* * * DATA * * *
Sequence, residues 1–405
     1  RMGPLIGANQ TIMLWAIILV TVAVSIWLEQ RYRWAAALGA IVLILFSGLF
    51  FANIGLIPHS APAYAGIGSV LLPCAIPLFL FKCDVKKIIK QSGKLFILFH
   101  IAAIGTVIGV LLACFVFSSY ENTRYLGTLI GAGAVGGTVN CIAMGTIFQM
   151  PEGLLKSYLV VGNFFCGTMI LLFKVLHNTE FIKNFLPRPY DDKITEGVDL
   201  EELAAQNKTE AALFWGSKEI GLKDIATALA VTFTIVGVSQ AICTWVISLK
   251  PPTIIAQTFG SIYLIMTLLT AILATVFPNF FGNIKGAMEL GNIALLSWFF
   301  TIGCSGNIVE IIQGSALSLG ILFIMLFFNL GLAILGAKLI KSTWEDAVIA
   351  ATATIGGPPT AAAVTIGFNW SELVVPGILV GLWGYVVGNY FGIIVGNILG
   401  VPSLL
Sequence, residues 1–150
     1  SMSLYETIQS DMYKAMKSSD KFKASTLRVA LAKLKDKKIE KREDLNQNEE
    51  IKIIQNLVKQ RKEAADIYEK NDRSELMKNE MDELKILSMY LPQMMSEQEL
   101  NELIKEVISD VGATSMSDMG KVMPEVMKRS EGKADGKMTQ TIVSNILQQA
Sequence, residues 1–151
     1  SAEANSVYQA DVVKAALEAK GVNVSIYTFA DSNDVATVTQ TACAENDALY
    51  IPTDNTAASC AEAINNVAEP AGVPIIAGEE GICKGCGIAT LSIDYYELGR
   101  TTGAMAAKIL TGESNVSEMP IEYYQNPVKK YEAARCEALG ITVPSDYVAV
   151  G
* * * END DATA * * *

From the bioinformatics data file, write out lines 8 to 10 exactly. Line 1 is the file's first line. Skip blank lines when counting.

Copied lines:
   301  TIGCSGNIVE IIQGSALSLG ILFIMLFFNL GLAILGAKLI KSTWEDAVIA
   351  ATATIGGPPT AAAVTIGFNW SELVVPGILV GLWGYVVGNY FGIIVGNILG
   401  VPSLL